Ahern Becomes Fianna Fáil Leader

Another candidate, Máire Geoghegan-Quinn, allowed her name go forward in the leadership race but it was a foregone conclusion that Ahern would succeed. Eventuall Geoghegan-Quinn withdrew and Ahern was elected unopposed as the sixth leader of Fianna Fáil on November 17 1994. Negotiations between Fianna Fáil and the Irish Labour Party for a continuation of government got underway as quickly as possible. It was taken for granted that the coalition would continue and that Ahern would become the next Taoiseach. However the Labour leader, Dick Spring, called off the arrangement and Ahern found him as leader of the Opposition instead of leader of the government. John Bruton became the new Taoiseach instead. In 1997 the 'Rainbow Coalition' came to an end and a general election was called. Following the Irish General Election, 1997 it was clear that there would be a chage of government. Eventually Fianna Fáil formed a coalition government with the Progressive Democrats. Its leader, Mary Harney, would become Tánaiste and would have one other seat at Cabinet.

Ahern as Taoiseach

On June 26 1997 Bertie Ahern was elected the youngest Taoiseach in the history of the Irish state. Early on in Ahern's first government his Foreign Minister, Ray Burke, was forced to resign after allegations of corruption. This was just a minor setback for a government that was just finding its feet. One of Ahern's biggest achievements as Taoiseach has been the on-going progress in the Northern Ireland Peace-Process. Developments came to their zenith when history was made at Easter 1998 with the signing of the Good Friday Agreement. The agreement was seen as something special because not only was it endorsed by the political parties but it was endorsed by the British and Irish governments and the people of the Republic of Ireland and Northern Ireland. Ahern also presided over an unprecedented economic boom in Ireland. Following the Irish General Election, 2002 the Fianna Fáil lead coalition was re-elected with an even bigger Dáil majority. This was the first time a government has been re-elected since Jack Lynch's government in 1969.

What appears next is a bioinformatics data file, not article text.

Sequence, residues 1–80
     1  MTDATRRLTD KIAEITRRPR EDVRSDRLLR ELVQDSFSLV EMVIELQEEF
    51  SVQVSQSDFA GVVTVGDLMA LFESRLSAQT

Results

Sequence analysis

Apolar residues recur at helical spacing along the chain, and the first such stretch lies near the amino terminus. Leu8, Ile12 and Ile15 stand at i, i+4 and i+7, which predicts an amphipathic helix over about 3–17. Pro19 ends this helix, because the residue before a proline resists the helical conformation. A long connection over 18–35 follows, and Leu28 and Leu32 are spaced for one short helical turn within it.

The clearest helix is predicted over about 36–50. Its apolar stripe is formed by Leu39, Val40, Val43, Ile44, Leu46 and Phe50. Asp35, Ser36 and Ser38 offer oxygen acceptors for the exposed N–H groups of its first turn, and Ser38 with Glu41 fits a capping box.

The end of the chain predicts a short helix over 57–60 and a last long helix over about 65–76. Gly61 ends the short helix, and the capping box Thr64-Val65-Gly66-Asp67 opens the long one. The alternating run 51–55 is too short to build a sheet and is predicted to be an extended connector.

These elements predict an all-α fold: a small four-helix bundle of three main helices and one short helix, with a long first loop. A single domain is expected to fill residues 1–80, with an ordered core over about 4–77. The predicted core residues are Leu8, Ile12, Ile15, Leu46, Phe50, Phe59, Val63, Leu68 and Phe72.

The Future

In interviews Ahern has expressed his interest in leading Fianna Fáil into a third general election victory which he hopes will be in 2007. He hopes to remain in politics until he is 60 years old, whether he is Taoiseach, a backbencher or otherwise. Following a downturn in opinion polls for Ahern and the government speculation has been mounting that a challenge to his leadership could be mounted if the Party performs badly in the European Elections in June 2004. The two likely candidates to succeed him, Health Minister Micheál Martin and Foreign Minister Brian Cowen, have pledged their loyalty to Ahern and have no immediate plans to unseat him.

Preceded by:
John Bruton
9th Taoiseach (1994-1997)
Prime Ministers of Ireland
Taoisigh na hÉireann
Succeeded by:
currently in office.